After introducing Prolog's definite clause grammars and their applications to natural language processing, we overview state-of-the-art Prolog systems and their extensions among which tabling, constraint solving, multi-threading and co-routining mechanisms.

We conclude with a reflection on future evolutions of Prolog and its descendent logic programming languages, with focus on neuro-symbolic mechanisms for building knowledge-driven deep-learning systems.

### Argumentation frameworks for explainable AI

**Speaker:** Francesca Toni.

**When: **1st August - 09:00 - 10:30.

**Where:** room Taub 8.

Argumentation, initially studied in philosophy and law, has gained popularity over the years as a knowledge representation and reasoning formalism in AI to support, in particular, non-monotonic and paraconsistent reasoning, as well as various forms of decision-making. Simply stated, argumentation in AI focuses

on various abstractions of "debates", generically termed argumentation frameworks, capturing interactions where parties plead for and against some conclusions. Argumentation frameworks are equipped with semantics, algorithms and systems for drawing dialectically valid or strong conclusions, while at the same time lending themselves naturally to explaining (dialectically) why

the conclusions are drawn. In its most abstract form an argumentation framework consists just of a set of arguments and a binary relation representing attacks between arguments. By instantiating the notion of arguments and the attack relation, different logic-based argument frameworks

can be obtained, including assumption-based argumentation frameworks. Additional dialectical relations (notably support) can also be accommodated to obtain bipolar argumentation frameworks. Argumentation frameworks can serve as abstractions of several AI systems, thus providing a natural step towards defining explanations for their outputs.

This tutorial will consist of three parts.

In the first part, I will survey some existing approaches to argumentation in AI, focusing on abstact, assumption-based, bipolar and quantified bipolar argumentation frameworks. In particular, I will overview semantics and computational machinery underpinning these argumentation frameworks, as well as their relationships with a variety of other frameworks to support reasoning (in particular non-monotonic reasoning, classical reasoning and paraconsistent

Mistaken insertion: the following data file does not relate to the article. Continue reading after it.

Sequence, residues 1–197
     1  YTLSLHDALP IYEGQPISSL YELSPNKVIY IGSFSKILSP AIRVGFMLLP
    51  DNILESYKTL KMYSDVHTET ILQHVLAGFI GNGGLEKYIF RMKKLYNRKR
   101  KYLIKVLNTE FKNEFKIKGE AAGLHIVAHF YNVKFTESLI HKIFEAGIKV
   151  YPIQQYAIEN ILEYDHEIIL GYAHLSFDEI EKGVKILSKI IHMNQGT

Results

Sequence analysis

reasoning). Semantics will range from qualitative, acceptability semantics (in terms of extensions as well as labellings) to quantitative, gradual semantics to ascertain the dialectical strength of arguments. The tutorial will also touch upon the integration of argumentative and probabilistic reasoning within

probabilistic argumentation framework.

In the second part, I will briefly introduce the research field of explainable AI (XAI), which has witnessed unprecedented growth in recent years prompted by the need to guarantee that automated decision tools are transparent. I will motivate argumentation frameworks as strong contendants for supporting XAI, given that their dialectical nature appears to match some basic desirable features of the explanation activity.

In the third part, I will overview (a variety of) XAI solutions built using argumentation frameworks. I will focus on explanations for a number of applications,ranging from machine learning-based classifiers, case-based reasoning, decision-making and scheduling and recommender systems. Specifically, I will show how these applications can be understood as argumentation frameworks (of one type or another) and how different forms of explanations can be drawn from these frameworks.

## Registration

Registration is part of the Pre-FLoC workshops registration.

## Sponsors

## Organizer

Carmine Dodaro, University of Calabria